Websites often talk up revenue share as a valid way for you to earn. The idea is that you’ll earn a piece of whatever advertising income the site makes. They’ll exaggerate the site’s monthly visitor numbers and profits to excite and lead you to believe there’s big earning potential.

But the site owner is the only real winner.

Sure, the site might have 100,000+ monthly visits and earn a few thousand dollars in monthly profits, but that’s likely across hundreds of posts and pages. Your lone article isn’t likely to bring in more than a few dollars.

All the little profits add up for the site, but individual writers often struggle to make the minimum amount so they can actually get paid (often $10).

3. Pay Per View

This term is just what it sounds like: the more views your article gets, the more pay you receive.

This is very similar to revenue share, but instead of getting a percentage of total revenue earned, you’re offered a set fee if your article attracts a certain number of views. It sounds better as you’re only relying on people viewing your article rather than having to click on an ad, but it’s still massively flawed.

When first starting out I was caught by this trap. I thought I’d write an awesome article, promote the hell out of it and be rolling in cash. I needed 5,000 views to earn $20, and I’d get $10 per subsequent 1,000 views. How hard could it be?!

Turns out, quite hard. I used Alexa to get an estimate of the site traffic and discovered they didn’t even have 5,000 visitors per month across the whole site! They had a whole team of writers effectively working towards payment goals that were, at that point, impossible to achieve.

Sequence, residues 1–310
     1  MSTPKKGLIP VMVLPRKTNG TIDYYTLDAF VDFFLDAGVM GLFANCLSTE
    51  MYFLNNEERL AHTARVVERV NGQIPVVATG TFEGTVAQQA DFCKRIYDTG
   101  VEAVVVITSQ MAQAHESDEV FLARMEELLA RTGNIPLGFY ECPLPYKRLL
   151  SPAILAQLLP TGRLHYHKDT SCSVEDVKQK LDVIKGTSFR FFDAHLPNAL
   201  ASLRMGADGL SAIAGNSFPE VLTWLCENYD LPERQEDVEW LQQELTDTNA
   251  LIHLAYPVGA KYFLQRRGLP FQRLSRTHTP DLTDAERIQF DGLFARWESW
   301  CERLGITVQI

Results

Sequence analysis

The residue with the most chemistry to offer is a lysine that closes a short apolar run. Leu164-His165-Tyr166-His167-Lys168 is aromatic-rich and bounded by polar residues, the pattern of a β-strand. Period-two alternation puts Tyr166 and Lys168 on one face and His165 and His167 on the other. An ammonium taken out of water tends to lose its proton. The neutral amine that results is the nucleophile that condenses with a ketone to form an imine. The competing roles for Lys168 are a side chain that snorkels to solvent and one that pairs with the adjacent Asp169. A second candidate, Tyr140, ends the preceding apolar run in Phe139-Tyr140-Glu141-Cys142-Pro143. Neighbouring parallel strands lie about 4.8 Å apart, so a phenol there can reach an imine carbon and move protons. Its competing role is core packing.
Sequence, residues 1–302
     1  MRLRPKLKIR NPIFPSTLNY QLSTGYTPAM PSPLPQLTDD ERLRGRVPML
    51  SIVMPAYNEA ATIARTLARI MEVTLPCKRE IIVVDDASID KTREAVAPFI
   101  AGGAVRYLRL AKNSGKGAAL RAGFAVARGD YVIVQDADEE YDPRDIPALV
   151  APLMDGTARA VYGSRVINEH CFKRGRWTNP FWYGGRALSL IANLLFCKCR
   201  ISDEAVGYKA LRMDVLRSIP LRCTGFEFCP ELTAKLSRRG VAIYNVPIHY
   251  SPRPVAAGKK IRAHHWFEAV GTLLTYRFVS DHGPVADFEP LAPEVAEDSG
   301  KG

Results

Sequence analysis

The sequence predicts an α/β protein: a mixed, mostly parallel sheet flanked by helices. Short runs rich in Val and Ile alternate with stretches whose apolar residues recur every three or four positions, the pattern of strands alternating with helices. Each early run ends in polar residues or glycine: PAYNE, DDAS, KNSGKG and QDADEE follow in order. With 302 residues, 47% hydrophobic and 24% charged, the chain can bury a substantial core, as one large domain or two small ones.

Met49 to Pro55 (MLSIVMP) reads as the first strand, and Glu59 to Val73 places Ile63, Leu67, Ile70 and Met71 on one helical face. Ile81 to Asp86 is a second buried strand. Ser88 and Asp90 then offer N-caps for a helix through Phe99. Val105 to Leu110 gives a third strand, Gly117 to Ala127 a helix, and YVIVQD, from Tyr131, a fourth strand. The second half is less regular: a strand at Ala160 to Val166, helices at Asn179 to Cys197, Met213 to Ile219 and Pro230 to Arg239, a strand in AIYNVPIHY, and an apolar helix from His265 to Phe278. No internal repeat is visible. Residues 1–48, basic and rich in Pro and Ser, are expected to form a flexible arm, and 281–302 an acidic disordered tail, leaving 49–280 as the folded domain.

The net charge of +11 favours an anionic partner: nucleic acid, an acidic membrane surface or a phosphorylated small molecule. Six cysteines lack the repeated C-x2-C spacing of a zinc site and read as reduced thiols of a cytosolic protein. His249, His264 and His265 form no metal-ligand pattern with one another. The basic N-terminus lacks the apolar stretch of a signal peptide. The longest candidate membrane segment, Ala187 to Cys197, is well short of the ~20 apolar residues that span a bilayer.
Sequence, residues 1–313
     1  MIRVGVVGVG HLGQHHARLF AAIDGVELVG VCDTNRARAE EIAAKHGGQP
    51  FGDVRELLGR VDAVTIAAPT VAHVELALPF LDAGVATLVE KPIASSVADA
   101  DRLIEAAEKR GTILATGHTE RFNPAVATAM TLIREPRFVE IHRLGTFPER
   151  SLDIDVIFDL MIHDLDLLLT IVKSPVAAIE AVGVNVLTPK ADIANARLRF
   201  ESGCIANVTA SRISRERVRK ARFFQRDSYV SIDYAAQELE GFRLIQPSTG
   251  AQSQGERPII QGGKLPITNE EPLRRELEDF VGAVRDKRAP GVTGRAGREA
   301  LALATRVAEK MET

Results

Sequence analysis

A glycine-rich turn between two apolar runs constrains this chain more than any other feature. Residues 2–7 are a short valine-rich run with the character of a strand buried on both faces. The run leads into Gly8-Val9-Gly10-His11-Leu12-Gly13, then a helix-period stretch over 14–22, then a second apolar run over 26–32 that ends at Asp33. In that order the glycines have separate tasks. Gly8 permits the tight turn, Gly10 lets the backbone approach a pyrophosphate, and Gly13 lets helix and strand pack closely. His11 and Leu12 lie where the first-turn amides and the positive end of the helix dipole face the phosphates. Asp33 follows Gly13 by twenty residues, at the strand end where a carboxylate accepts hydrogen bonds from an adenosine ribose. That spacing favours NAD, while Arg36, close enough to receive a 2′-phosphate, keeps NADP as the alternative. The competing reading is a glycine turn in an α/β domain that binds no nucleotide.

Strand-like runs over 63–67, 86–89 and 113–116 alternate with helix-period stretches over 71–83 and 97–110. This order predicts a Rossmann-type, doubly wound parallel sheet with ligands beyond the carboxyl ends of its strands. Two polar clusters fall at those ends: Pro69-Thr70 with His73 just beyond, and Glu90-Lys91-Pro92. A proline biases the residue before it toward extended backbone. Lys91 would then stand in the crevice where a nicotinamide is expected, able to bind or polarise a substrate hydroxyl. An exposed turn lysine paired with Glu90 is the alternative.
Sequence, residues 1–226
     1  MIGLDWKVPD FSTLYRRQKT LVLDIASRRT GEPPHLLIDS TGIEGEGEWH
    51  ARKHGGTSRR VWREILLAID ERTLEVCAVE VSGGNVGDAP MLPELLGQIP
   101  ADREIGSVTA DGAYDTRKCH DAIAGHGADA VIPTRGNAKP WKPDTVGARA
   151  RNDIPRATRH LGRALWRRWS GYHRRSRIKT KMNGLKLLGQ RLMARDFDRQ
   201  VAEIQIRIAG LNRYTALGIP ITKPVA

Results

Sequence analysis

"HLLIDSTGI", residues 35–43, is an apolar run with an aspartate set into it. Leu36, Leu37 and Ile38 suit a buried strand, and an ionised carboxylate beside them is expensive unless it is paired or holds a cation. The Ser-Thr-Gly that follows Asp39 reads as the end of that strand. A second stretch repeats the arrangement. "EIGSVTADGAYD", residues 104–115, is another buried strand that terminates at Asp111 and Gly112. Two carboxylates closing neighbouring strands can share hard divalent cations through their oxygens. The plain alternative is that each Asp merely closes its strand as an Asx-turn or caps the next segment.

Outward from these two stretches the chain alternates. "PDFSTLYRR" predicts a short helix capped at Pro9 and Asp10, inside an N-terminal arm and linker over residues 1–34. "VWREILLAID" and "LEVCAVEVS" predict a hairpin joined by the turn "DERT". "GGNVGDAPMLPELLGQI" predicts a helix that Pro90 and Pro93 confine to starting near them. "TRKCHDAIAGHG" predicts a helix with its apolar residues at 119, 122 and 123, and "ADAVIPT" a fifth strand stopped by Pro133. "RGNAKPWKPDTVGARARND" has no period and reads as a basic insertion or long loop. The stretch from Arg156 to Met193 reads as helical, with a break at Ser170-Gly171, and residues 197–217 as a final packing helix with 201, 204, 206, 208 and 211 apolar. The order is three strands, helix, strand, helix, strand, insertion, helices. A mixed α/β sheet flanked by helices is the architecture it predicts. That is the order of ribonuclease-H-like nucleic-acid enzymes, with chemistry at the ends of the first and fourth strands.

4. Exposure

“Writing for us is great exposure!” says the ad.

Exposure can be great. Proper guest posting can get your name in front of the right people and help grow your career.

It’s a tactic I recently used to build my portfolio and get noticed by those who might need a writer. Thanks to my “exposure posts,” three new clients contacted me to offer between $150 and $300 per article.

However, the site that published my articles doesn’t advertise for writers and doesn’t brag about their amazing exposure benefits.

Why? They don’t need to. Writers know having a byline from that site will look great in their portfolios and share their work with a wider audience. At most, sites like this will have a page outlining their contributor guidelines. They don’t advertise for writers because their audience is already approaching them with plenty of great pitches.

It’s pretty obvious which sites offer great exposure — you’ll know them by name or reputation. They’ll usually be well-respected in their field, and have a wide audience. In my experience, sites that explicitly note exposure as a primary benefit actually offer little to no exposure.

Don’t let this advice put you off. There are a lot of great writing clients and opportunities out there, and once you learn how to identify the scammers, you’ll have a much easier time finding your first freelance writing gig.

Your Turn: Have you ever come across a dubious freelance client? What tipped you off that this opportunity was less than ideal?

Pete Boyle is a full-time professional freelance copywriter based in London. If you’re looking to break into the world of freelance writing, sign up to the Have a Word Weekly Writing Gigs Newsletter here for ongoing job opportunities.